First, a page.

Yogi Adityanath takes his oath to become Chief Minister of India’s most populous state, Uttar Pradesh, on March 19. Photo: Reuters / Pawan Kumar
Yogi Adityanath takes his oath to become Chief Minister of India’s most populous state, Uttar Pradesh, on March 19. Photo: Reuters / Pawan Kumar

When India made philosopher Dr S Radhakrishnan its president in 1962, the eminent thinker Bertrand Russell described it as an honor to philosophy.

Fifty-five years later, Prime Minister Narendra Modi’s appointment of Yogi Adityanath – the saffron-clad head priest of a Hindu temple – as chief minister of Uttar Pradesh (UP) has drawn widespread criticism from opponents of the Bharatiya Janata Party (BJP) which they both represent.

Where one might see a philosopher in power as working toward the realization of the ideal state, in a multicultural society religious seers are likely to have a more polarizing effect. At any rate, many are concerned about Adityanath’s religious role hindering his ability to deliver good governance.

Adityanath’s first couple of weeks in office as chief minister give the impression that it is going to be a bumpy road ahead for his government.

Meat traders on strike

Meat traders, most of whom happen to be Muslim, have begun a state-wide agitation against a crackdown on illegal slaughter-houses initiated by Adityanath.

They feel their community is being targeted by the BJP government and that their livelihoods are being taken away due to its hasty decisions.

The meat-traders want the government to issue them with fresh licenses to run the slaughter-houses or give them alternative jobs. They argue that the government should have given them at least a month’s notice to find alternative arrangements.

Over 200,000 people are engaged in the meat industry in UP, which accounts for 19% of all meat produced in India. Since the bulk of the meat from recognized slaughter-houses is exported, local meat sellers depend on hundreds of illegal slaughter-houses flourishing across the state and serviced by poor, unskilled workers.

UP’s Health Minister Siddhartha Nath Singh has assured meat sellers that the government’s crackdown is only on slaughter-houses which do not comply with regulations or pay tax.

The Adityanath government, backed by the tribunal, has a fairly strong case against illegal slaughter-houses

Officials say there is no selective targeting of any community and that any confusion over the crackdown is because UP is transitioning from a lawless state to a law-abiding one. They blame the previous Samajwadi Party (SP) government, led by Akhilesh Yadav, for the current mess.

The National Green Tribunal (NGT) had been demanding the SP government close illegal and unhygienic abattoirs for two years. However, the SP did not act – largely out of fear of losing Muslim votes in the recent assembly elections.

As the Akhilesh government looked the other way, it is widely suspected some SP workers even made a fast buck by collecting hafta or protection money from meat sellers for allowing them to do business in violation of the tribunal’s order.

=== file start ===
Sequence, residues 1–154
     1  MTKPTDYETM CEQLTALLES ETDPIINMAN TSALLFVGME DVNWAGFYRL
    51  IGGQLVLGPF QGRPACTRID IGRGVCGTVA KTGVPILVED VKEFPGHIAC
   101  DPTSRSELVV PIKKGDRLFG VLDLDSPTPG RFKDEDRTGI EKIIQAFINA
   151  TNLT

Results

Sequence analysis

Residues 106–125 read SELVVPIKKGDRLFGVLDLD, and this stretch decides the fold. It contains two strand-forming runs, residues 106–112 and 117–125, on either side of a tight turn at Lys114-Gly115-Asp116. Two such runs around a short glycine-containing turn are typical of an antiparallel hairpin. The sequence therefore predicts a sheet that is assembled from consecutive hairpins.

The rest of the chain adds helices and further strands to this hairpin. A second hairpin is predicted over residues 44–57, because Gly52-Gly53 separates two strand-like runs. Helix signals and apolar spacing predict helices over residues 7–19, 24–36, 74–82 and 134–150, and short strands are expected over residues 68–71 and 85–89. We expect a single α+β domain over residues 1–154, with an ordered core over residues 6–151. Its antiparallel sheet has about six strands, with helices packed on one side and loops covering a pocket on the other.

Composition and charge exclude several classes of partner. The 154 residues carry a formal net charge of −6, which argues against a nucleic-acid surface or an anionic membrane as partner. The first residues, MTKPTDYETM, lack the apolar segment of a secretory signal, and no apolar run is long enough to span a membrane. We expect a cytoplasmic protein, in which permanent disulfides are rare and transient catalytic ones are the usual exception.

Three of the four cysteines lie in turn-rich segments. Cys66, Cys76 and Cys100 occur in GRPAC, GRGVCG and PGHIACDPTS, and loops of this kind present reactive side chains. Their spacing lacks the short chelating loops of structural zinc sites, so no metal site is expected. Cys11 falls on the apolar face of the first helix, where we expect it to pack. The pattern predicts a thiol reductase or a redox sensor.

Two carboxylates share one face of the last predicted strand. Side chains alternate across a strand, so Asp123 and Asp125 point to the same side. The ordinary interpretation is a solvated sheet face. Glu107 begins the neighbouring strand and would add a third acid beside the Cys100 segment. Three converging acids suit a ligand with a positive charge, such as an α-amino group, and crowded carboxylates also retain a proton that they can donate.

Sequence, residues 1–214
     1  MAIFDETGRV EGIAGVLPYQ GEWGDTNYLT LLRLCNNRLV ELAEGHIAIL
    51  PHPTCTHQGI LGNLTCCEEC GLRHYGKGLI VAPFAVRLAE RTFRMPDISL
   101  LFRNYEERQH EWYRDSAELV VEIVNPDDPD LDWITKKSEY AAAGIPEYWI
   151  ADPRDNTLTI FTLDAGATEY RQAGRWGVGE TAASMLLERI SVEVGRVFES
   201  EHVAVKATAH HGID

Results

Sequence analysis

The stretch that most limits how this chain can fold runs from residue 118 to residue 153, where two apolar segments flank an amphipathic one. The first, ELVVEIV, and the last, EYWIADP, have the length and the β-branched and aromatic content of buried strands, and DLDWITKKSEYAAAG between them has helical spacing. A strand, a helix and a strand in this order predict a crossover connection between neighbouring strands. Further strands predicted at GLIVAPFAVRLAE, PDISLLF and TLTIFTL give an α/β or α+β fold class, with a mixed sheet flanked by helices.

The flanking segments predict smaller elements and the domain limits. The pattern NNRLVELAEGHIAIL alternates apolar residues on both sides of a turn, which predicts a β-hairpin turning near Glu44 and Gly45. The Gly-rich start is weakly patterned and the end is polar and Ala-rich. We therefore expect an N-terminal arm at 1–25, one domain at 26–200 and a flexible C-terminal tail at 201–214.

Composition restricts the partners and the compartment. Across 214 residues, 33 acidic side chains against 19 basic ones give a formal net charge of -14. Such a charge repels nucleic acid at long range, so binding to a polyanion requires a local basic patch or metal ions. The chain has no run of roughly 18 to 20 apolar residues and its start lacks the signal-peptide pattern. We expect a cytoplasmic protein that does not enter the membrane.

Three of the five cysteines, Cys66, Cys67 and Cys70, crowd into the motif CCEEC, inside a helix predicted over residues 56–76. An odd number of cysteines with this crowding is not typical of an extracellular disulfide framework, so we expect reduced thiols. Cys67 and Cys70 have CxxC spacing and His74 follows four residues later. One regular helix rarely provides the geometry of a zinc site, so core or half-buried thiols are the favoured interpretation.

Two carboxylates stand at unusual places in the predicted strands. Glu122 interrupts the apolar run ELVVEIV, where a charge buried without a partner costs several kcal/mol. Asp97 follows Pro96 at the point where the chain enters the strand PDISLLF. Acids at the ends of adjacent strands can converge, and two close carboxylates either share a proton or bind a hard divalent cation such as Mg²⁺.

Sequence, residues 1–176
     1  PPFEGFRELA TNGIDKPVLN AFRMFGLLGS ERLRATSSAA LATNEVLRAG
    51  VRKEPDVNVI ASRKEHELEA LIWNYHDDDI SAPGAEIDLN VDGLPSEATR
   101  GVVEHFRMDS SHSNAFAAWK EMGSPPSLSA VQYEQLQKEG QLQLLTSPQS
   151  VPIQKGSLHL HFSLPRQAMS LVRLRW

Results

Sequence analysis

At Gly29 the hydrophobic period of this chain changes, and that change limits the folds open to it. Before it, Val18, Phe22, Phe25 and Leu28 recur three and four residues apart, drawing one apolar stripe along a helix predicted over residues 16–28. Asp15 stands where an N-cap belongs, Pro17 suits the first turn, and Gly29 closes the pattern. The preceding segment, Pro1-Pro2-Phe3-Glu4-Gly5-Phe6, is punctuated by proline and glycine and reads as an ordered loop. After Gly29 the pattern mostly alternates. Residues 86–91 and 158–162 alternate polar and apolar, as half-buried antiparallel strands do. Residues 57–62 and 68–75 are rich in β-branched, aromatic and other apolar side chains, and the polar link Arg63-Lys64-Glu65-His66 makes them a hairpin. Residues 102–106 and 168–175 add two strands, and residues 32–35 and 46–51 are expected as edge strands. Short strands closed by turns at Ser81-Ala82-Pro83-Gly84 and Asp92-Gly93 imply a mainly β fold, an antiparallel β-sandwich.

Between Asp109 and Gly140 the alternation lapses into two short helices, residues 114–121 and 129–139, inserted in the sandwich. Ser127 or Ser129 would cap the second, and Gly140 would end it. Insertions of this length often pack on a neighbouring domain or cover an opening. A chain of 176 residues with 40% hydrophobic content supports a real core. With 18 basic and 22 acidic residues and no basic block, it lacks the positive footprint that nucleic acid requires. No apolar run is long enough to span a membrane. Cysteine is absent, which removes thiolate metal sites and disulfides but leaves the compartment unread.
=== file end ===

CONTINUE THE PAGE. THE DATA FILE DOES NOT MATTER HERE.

The Adityanath government, backed by the tribunal, has a fairly strong case against illegal slaughter-houses.

Many units in western UP, in particular, fail to meet the tribunal’s legal and environmental norms. They discharge untreated effluent, contaminated with animal waste, into open drains. The contaminated drain water then finds its way into rivers, polluting waterways and spreading water-borne diseases.

Moreover, animals are often slaughtered in unhygienic rooms with no ventilation or proper waste disposal, and no health check-ups are done on them before being slaughtered.

There are some 140 illegal and 40 recognized slaughter-houses on record in UP. In reality, however, hundreds more illegal units operate in the state.

The closure of illegal slaughterhouses has also hit kebab shops, many of which are dependent on getting a supply of meat at lower prices from such abattoirs. Most kebab shops in Lucknow remain shut, although they do not face any government ban.

Yoga for all

On March 29, Muslims were upset by Adityanath’s pitch for yoga for all. He compared Surya Namaskara (“salutation to sun”) yoga sequence to Muslims’ namaz (prayers), highlighting similar approaches by Hindus and Muslims to well-being.

Muslim clerics dismissed the yogi’s recommendation as evidence of the BJP’s Hinduvta agenda.

The yogi’s biggest test is likely to come, however, when the BJP’s central leadership initiates steps to build the Ram temple at the disputed Ayodhya site.

Another poll promise given by the BJP to UP voters is galvanizing public opinion against “triple talaq,” the Muslim practise of uttering the word talaq (“divorce”) three times that gives men the power to dissolve a marriage instantaneously.

Most Muslims in UP voted overwhelmingly for the BJP because they felt the previous governments of Akhilesh and Kumari Mayawati ditched them after gaining their votes. They do not fully trust Adityanath either because of his pro-Hindutva image. But they still believe – for now – that he will keep his election promise to work for the betterment of all.

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